Authors: Joanna Zawiejska*, Pedagogical University of Cracow
Topics: Geography Education, Environmental Perception, Geomorphology
Keywords: geography education, river perception, river restoration
Session Type: Paper
Start / End Time: 9:55 AM / 11:35 AM
Room: Hoover, Marriott, Mezzanine Level
Presentation File: No File Uploaded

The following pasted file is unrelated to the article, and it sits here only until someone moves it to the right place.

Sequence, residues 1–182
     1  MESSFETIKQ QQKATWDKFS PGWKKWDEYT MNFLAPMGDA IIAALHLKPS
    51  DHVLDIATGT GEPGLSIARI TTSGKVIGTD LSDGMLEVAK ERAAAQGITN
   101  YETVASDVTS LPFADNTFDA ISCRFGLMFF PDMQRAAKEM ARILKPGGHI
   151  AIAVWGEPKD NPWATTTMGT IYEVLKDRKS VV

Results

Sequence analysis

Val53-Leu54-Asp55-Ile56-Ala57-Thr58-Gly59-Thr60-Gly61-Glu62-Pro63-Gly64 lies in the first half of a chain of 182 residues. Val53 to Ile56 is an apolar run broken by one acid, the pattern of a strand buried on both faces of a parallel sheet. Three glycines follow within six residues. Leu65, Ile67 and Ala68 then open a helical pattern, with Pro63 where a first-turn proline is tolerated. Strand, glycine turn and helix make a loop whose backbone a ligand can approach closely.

With the increasing number of river restoration projects and the legal requirement to achieve good ecological status of rivers in the EU, it has become evident that public acceptance and participation are often key to the success of these efforts and to sustainable river management. Results of river perception studies often call for more education about natural rivers and dynamics with the assumption that this should occur in schools. However, little attention is paid to how we actually teach about rivers in the formal education system. In this study, I systematically examine pictorial content, factual information and context in which rivers are presented in geography textbooks published over the last 10 years in Poland as well as the content of current geography curricula to determine how knowledge about rivers obtained in school may influence students’ future perceptions of rivers and river restoration. The analysis showed a distorted and inconsistent image of rivers, focused mostly on river use and human-altered riverscapes. Selective presentation of river forms (meandering) conveys a false view of their actual diversity while information on natural river dynamics is lacking or discussed in the context of natural distasters and damage to infrastructure and property. This shows that although geography education is intended to enhance pro-environmental attitudes, it is unlikely to have that effect in relation to rivers and riverscape perception as the information and the image of rivers imparted in the textbooks is largely outdated and non-representative of the actual role they play in the natural environment.